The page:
One of the best attractions in Valladolid is the 16th-century church of San
After a long day of wandering the pastel-coloured streets of Valladolid and stumbling upon quaint shops, you can finish your day with an authentic Yucatan dinner at Bazar Municipal, a food court where the locals eat.
By Soumya from Stories by Soumya.
37. Beaches and ruins in Tulum
The town of Tulum is about an hour down the coast from the more tourist destination of Playa del Carmen. The most famous attraction in Tulum is the Tulum Mayan Ruins, once the city of Zama. The ruin site is big enough to easily spend a few hours wandering through. Just keep watch for the Iguanas – they’re everywhere!
While Mayan ruins are spread across Central America, what makes Tulum unique is its position on the Caribbean coastline of the Yucatan Peninsula. Once a commercial port for the Mayans, it’s one of the first places dawn breaks in Mexico. The colours of the ocean behind the ruins have to be seen to be believed!
Most visitors hire bikes from the local hotels, but it’s easy enough to catch a taxi to the ruins. The long stretch of
Entry submitted by Holly from Globe Blogging.
38. Find the Pink Lakes (Las Coloradas)
Mexico is home to some truly stunning natural highlights, perhaps none quite as unusual as the pink lakes of Las Coloradas!
In a few short years, the ‘lakes’ (technically man-made lagoons belonging to a salt production company) have gone from complete obscurity to being an incredibly sought-after item on plenty of Mexico bucket lists.
The lakes are bright, brilliant pink when at their best, with certain times of day and weather conditions offering more muted pinks and even oranges. They make phenomenal photos and are such an unusual sight that it’s easy to see why people want to visit for themselves.
Today, due to their popularity, visiting Las Coloradas is far more regulated than it once was, with guides and (inexpensive) tickets required. You’re not allowed to swim in the lakes but new regulations haven’t slowed down the visitors or the wild experience of seeing bright pink bodies of water located in the far corner of Mexico’s Yucatan Peninsula.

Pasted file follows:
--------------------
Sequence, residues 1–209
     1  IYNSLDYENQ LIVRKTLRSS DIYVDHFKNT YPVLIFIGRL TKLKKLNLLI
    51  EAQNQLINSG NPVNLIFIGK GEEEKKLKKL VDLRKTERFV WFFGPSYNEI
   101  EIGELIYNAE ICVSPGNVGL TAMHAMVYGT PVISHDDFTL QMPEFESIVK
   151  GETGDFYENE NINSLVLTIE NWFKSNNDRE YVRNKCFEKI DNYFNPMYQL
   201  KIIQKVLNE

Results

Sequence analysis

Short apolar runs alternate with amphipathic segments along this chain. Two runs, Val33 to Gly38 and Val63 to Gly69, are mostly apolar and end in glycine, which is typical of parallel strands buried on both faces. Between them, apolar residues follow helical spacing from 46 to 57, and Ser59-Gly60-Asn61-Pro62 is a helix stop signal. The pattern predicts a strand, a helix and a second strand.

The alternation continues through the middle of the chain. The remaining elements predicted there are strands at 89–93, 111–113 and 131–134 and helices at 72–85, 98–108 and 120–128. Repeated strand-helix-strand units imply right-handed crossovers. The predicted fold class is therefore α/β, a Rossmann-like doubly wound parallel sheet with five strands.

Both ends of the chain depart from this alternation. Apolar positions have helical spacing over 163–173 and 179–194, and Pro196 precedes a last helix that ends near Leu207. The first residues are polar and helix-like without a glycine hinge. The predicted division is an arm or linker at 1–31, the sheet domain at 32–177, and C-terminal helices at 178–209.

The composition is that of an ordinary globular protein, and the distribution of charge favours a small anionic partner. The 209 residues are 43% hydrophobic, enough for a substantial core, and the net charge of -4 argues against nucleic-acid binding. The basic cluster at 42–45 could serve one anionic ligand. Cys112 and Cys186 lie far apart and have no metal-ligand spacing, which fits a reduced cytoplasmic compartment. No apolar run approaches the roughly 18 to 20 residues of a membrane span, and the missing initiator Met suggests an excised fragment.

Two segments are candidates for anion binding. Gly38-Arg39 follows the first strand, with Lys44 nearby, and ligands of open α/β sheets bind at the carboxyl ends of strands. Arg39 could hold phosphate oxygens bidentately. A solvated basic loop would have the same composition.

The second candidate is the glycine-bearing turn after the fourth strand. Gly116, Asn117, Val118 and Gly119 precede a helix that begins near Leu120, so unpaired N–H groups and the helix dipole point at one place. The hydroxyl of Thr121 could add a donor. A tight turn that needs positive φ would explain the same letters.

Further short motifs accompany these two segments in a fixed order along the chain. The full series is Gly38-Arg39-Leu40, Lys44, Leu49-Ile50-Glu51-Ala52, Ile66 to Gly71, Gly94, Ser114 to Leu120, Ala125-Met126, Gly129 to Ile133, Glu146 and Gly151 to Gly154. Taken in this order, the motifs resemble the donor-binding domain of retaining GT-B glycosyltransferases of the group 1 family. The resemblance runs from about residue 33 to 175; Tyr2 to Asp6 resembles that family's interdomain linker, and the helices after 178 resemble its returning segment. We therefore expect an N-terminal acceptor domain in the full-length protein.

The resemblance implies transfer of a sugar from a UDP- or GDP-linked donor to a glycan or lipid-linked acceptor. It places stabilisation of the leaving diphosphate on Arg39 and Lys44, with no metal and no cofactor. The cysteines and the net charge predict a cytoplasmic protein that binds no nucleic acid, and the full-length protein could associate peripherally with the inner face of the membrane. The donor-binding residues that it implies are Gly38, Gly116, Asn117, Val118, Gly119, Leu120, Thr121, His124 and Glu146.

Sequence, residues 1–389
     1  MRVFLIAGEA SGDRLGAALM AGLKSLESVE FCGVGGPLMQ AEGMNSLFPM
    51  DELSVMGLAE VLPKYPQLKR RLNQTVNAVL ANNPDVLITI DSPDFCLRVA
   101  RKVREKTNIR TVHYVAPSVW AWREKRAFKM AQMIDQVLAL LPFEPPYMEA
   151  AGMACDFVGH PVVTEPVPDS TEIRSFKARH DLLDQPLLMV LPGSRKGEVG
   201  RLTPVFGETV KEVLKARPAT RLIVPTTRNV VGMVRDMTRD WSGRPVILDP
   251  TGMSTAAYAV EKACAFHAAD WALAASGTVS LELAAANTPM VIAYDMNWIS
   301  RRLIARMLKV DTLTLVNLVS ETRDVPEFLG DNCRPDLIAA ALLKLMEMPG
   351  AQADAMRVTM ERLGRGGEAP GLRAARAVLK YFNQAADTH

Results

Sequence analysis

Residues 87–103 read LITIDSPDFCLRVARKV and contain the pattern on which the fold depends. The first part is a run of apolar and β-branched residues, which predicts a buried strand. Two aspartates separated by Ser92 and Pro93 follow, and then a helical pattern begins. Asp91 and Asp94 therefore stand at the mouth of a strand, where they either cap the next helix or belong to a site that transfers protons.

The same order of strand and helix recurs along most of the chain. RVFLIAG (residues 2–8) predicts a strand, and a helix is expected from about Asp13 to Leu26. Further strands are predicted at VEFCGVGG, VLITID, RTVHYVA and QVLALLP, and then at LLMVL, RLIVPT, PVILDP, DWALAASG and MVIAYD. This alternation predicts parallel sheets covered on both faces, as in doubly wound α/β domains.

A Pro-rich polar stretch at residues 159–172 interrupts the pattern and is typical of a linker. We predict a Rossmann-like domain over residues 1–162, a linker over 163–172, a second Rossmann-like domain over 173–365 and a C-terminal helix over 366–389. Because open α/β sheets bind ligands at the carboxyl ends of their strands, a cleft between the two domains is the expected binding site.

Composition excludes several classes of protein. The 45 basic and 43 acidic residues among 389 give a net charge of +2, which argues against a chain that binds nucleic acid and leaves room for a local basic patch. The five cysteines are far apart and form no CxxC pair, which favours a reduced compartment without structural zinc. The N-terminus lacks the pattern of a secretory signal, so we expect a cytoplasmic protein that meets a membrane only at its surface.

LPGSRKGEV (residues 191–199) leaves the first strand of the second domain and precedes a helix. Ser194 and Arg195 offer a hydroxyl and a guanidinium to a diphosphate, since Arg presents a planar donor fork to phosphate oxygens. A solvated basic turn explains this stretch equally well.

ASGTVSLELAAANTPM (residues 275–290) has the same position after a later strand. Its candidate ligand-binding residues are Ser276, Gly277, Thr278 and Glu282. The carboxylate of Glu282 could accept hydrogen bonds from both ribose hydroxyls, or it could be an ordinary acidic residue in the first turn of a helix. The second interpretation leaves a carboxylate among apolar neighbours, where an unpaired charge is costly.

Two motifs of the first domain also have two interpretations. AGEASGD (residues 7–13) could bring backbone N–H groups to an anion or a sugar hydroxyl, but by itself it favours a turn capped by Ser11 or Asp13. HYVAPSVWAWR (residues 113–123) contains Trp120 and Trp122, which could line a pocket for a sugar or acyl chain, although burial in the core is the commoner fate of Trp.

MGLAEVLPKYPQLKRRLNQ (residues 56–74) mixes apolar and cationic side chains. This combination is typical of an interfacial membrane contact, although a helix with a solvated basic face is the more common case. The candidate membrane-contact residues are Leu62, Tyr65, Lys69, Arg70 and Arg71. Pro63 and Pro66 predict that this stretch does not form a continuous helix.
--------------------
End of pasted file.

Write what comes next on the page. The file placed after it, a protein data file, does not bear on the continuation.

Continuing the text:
The easiest way to visit Mexico’s pink lakes is to rent a car and drive there, typically from Valladolid (2 hours each way) or Cancun or Playa del Carmen (3 hours each way). Due to the popularity of the lakes, you can now also book tours to visit them.
Entry submitted by Kate from Our Escape Clause.
Mexico City bucket list
I decided to create a separate Mexico City bucket list because it’s a city so close to my heart. Ciudad de México deserves way more international acclaim than it receives. With almost as many museums as Paris, it’s full of culture, history, local markets, leafy neighbourhoods, hipster cafes and much more.
Don’t miss the following from your Mexico City itinerary…
39. Visit Frida Kahlo’s house
Iconic artist Frida Kahlo passed away 60 years ago but her work is still celebrated around the world. Her old home shared with husband Diego Rivera is now the Frida Kahlo Museum, also known as the Blue House. Located in Coyoacan neighbourhood, this is one of Mexico City’s must-visit attractions. Entrance is 250 pesos; book online as it gets very busy.
While in Coyoacan, explore this charming suburb of Mexico City, eat tostadas in the market, and visit museums and churches. Check out my Coyoacan guide for more details.
40. Take a food tour
While it’s easy to find street food, my top Mexico city tip is to take a food tour. The city is so large and spread out that it’s hard to know where to begin. Luckily, born-and-bred chilangos (slang for Mexico City locals) know the food scene inside out. The best tour I’ve taken was with Eat Like A Local. Not only did we eat tacos, pambazos, enchiladas and more, but we visited a typical saloon (dance hall) and supported local businesses.
It’s not too difficult to eat vegan in Mexico. Look out for nopales (cactus leaves) and huitlacoche (fungus mushrooms) which are delicious served in quesadillas.
41. National Museum of Anthropology
The biggest and most visited museum in Mexico is worth your time. I learnt so much about Mexico in days gone by. Honestly, I’m depressed learning about all the atrocities the Spanish committed and, while they’re important to understand, I’d much rather hear about the Mayans, Aztecs and other prehispanic groups. Entrance is 70 pesos.
42. Day trip to Teotihuacan
I don’t want to make this Mexico bucket list overly expensive as I believe everyone can enjoy travel, even on a budget. Saying that, my hot air balloon ride over 2,000-year-old Teotihuacan was serious bucket list stuff.
Ancient Teotihuacan city is located 30 miles from Mexico City and can easily be visited as a half-day trip. The Pyramid of the Sun and other buildings are connected by the dubiously-named Avenue of Death.
Book your hot air balloon ride as a return trip from Mexico City.
43. Explore the Zocalo
For the best view in town, venture up to the viewing platform on the 44th floor of the Torre Latino tower. Alternatively, buy a drink at Cafe Don Porfirio opposite Bellas Artes Palace.